JIS News

Fifteen schools in St. James, Trelawny and Kingston, and three health institutions in Western Jamaica are the latest beneficiaries of gifts from the Atlanta Montego Bay Sister Cities Committee.

The gift comprised medical assistance scholarships, tablets and laptop computers, valued at US$120,000.

Cornwall Regional Hospital, Falmouth Hospital and the Noel Holmes Hospital received well-needed oxygen valued at US$70,000.00.

Chairman of the Atlanta Montego Bay Sister Cities Committee, Dr. Yvonne Smith, said the oxygen was donated to the hospitals in July to assist with the shortage that they were experiencing at that time.

She further pointed out that her organisation had distributed 131 tablets and 26 laptop computers to 15 educational institutions, of which 13 are in St. James, one in Trelawny and one in Kingston.

Among those receiving tablets and laptops were Adelphi Primary School, Adelphi Gardens Basic School, Goodwill Primary School, Sudbury All-Age School, Barrett Town All-Age School, Dumfries All-Age School, Muschett High School, Cornwall College, and the University of the West Indies.

Dr. Smith said the package of tablets and laptop computers is a joint project undertaken by the Atlanta Sister Cities Committee, in association with the Victoria House Foundation, which is headquartered in Washington DC.

She pointed out that this joint effort was geared towards advancing education through technology in public schools within Montego Bay and its environs.

Dr. Smith argued that the donation was timely, given the widespread use of virtual learning in the wake of the COVID-19 pandemic and its adverse effects on developing countries.

She said that both associations deemed it a moral responsibility to contribute to nation-building and reiterated that they are committed to preserving the future of Jamaica through the social and academic development of the youth.

Dr. Smith pointed out that this was the first time that the two non-profit organisations were partnering to support the drive to enhance education in Jamaica.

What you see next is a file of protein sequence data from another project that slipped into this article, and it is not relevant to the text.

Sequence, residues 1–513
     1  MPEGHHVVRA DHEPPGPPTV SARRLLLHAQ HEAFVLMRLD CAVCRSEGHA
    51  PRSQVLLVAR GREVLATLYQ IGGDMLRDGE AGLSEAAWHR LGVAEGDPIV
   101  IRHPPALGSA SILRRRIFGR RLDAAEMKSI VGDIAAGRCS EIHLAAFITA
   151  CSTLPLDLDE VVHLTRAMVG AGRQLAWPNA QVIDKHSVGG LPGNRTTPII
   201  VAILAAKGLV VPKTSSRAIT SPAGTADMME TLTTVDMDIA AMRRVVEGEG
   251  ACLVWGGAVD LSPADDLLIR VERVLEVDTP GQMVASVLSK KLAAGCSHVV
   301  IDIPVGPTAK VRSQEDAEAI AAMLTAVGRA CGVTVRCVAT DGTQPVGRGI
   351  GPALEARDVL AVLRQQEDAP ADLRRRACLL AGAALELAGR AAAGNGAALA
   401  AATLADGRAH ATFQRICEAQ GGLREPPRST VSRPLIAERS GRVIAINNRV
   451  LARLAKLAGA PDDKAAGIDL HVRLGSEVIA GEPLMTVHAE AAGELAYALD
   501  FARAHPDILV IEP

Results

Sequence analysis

She said that the Chief Executive Officer (CEO) of Victoria House, McFarlane Okonta, who secured the laptop computers, will be working closely with the schools to provide technical support and maintenance of the equipment.

Dr. Smith noted that her organisation has provided five scholarships valued at US$2,000 each to two medical students at the University of the West Indies. The recipients are Husani Hogg and Rihana Morrison.

A further three scholarships valued at US$500 each, have been given to Shaka’rah Christie, student at St. James High School, who received the Vin Martin Memorial Scholarship, in honour of the late Vin Martin who served as Chairman of The Atlanta Montego Bay Sister Cities Committee and Jamaica’s Honorary Consul to Atlanta; Loriean Houslin and Tiandra Brady, both of Montego Bay High School.

The Montego Bay Atlanta Sister Cities Committee has established relations between both Cities for almost 50 years. Their signature health mission, which was renamed in honour of Mr. Martin, has contributed more than US$2 million in medicines and medical supplies to Montego Bay for more than 15 years.

Each year, its health mission visits Montego Bay to deliver healthcare along with medication and medical supplies to hundreds of citizens. The annual health mission lasts for one week.

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